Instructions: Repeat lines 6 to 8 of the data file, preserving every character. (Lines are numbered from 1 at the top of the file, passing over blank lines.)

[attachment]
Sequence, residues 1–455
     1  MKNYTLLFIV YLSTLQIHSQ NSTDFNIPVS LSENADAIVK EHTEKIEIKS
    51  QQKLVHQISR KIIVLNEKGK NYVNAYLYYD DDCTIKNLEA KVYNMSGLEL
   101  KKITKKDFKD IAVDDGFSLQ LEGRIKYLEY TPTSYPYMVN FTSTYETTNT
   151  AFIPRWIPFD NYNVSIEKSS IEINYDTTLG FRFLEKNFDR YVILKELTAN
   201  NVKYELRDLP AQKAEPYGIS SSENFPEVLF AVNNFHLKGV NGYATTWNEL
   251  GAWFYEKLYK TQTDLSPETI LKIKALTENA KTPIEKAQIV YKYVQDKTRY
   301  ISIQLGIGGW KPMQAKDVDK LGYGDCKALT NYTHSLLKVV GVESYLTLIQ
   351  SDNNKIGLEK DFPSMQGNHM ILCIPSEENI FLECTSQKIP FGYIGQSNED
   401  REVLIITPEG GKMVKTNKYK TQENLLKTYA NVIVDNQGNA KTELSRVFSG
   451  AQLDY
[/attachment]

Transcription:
   201  NVKYELRDLP AQKAEPYGIS SSENFPEVLF AVNNFHLKGV NGYATTWNEL
   251  GAWFYEKLYK TQTDLSPETI LKIKALTENA KTPIEKAQIV YKYVQDKTRY
   301  ISIQLGIGGW KPMQAKDVDK LGYGDCKALT NYTHSLLKVV GVESYLTLIQ